Responding to COVID-19
The COVID-19 pandemic has created a dynamic situation that changes daily, each day bringing new scientific data that may lead to improved diagnosis and prevention strategies. Here’s the latest information about the virus and testing.
About the Virus
What is COVID-19 and where did it originate?
First identified in Wuhan, China, in December 2019, COVID-19 is a new disease, or novel coronavirus, that has not previously been seen in humans. The first infections have been traced to a live animal market, and COVID-19 is believed to have been originated in bats.
There are multiple types of coronaviruses that spread from animals to humans, including some that commonly cause mild upper-respiratory tract illnesses. SARS-CoV-2 (severe acute respiratory syndrome coronavirus 2) is the name that has been given to the virus that causes the disease COVID-19 (coronavirus disease 2019).
How does COVID-19 spread?
The virus is now spreading from human to human by respiratory droplets from sneezing and coughing. Someone who is actively sick with COVID-19 can spread the illness to others, usually within six feet. The Centers for Disease Control and Prevention (CDC) recommends that these patients be isolated in either a hospital or home environment (depending on illness severity) until they are better and are no longer at risk of infecting others.
To a lesser extent, COVID-19 can be spread from touching a surface or object that has the virus on it and then touching one’s face.
What are the symptoms of COVID-19?
Symptoms typically appear within 2 to 14 days after infection, and include:
- Muscle pain
- New loss of taste or smell
- Repeated shaking with chills
- Shortness of breath or difficulty breathing
- Sore throat
According to the CDC, if you develop any of the following symptoms – trouble breathing, persistent pain or pressure in the chest, new confusion or inability to arouse, bluish lips or face – seek medical attention immediately.
Is there a vaccine to prevent COVID-19?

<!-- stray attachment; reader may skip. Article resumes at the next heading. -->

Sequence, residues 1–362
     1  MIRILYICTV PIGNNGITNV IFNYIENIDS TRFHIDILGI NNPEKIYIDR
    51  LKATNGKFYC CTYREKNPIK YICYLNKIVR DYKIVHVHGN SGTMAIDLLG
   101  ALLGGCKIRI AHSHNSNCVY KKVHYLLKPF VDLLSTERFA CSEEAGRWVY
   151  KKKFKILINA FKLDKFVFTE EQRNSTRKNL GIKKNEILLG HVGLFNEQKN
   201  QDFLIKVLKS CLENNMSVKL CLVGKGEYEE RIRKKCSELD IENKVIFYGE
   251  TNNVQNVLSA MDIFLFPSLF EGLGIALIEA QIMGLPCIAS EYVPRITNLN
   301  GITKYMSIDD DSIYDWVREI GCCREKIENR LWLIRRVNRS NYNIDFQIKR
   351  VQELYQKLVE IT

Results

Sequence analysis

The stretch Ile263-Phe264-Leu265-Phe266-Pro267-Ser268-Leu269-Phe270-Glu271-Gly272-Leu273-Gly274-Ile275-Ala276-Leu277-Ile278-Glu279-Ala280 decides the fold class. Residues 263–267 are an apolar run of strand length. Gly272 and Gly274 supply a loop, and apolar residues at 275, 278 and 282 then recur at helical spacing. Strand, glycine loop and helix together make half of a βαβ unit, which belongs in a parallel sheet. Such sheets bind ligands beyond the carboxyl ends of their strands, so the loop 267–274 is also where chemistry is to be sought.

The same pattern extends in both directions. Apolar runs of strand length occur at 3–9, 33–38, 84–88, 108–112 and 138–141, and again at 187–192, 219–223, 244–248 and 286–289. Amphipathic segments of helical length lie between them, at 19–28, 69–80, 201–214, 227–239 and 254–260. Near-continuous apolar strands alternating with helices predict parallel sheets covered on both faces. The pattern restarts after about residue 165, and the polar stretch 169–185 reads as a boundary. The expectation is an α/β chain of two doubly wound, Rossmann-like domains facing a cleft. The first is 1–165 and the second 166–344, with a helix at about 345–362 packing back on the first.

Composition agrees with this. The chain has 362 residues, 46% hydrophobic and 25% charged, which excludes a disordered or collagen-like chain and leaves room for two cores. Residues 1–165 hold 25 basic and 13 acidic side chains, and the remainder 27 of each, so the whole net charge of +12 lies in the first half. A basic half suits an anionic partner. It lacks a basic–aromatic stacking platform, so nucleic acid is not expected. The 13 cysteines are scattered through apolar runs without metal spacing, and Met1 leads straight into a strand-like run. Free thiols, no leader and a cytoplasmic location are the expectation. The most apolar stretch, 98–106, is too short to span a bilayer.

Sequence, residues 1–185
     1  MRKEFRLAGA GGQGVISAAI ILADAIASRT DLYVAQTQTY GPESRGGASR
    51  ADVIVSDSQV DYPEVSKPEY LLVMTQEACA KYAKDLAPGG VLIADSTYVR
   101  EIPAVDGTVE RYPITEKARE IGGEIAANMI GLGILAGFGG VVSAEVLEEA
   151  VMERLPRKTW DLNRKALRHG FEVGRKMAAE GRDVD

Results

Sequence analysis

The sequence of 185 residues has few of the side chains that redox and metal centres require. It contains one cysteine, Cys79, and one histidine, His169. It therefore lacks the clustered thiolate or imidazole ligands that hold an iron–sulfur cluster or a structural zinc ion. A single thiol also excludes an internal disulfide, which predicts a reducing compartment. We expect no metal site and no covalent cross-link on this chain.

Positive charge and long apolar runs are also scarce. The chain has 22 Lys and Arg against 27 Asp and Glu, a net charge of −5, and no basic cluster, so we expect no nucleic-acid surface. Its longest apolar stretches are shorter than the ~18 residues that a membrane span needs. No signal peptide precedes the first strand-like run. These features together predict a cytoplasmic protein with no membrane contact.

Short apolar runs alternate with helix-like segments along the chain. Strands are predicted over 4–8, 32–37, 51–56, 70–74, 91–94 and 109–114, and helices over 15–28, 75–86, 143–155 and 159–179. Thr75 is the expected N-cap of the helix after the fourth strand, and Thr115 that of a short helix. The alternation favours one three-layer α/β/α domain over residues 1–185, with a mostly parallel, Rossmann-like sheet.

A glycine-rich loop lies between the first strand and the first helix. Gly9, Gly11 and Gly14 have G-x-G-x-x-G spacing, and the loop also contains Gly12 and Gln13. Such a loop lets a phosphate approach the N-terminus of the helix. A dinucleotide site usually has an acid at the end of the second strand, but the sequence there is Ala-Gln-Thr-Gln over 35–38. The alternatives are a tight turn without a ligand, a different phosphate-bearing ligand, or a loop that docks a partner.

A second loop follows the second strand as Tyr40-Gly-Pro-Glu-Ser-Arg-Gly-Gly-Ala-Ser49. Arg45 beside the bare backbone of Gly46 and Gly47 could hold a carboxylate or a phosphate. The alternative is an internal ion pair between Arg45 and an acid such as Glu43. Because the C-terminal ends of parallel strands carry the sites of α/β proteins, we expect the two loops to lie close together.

There are no preventive vaccines for this new virus. Because treatment is limited, prevention is a key strategy to address the outbreak.
What’s the difference between the flu and COVID-19?
Both seasonal influenza and COVID-19 have similar symptoms, including fever, cough, body aches, and fatigue. Both viruses can cause a range of diseases from mild to severe and are at times fatal, especially in individuals with underlying health conditions. Seasonal influenza can be treated with antivirals, such as Tamiflu, in conjunction with additional supportive care. There's currently no preventive vaccines for COVID-19 but some antivirals are in use.
Protect Yourself: Wash Your Hands
Washing hands is one of the most effective ways to prevent the spread of germs. Clean hands can stop germs from spreading from one person to another and throughout an entire community – from your home and workplace to childcare facilities and hospitals.
Follow these five steps, every time:
- Wet your hands with clean, running water (warm or cold), turn off the tap, and apply soap.
- Lather your hands by rubbing them together with the soap. Lather the backs of your hands, between your fingers, and under your nails.
- Scrub your hands for at least 20 seconds. Need a timer? Hum the “Happy Birthday” song from beginning to end twice.
- Rinse your hands well under clean, running water.
- Dry your hands using a clean towel or air dry them.
- Avoid touching your eyes, nose, and mouth.
- Avoid close contact with sick people.
- Cover your mouth when you cough or sneeze.
- Stay home when you are sick.
- Get your influenza vaccine.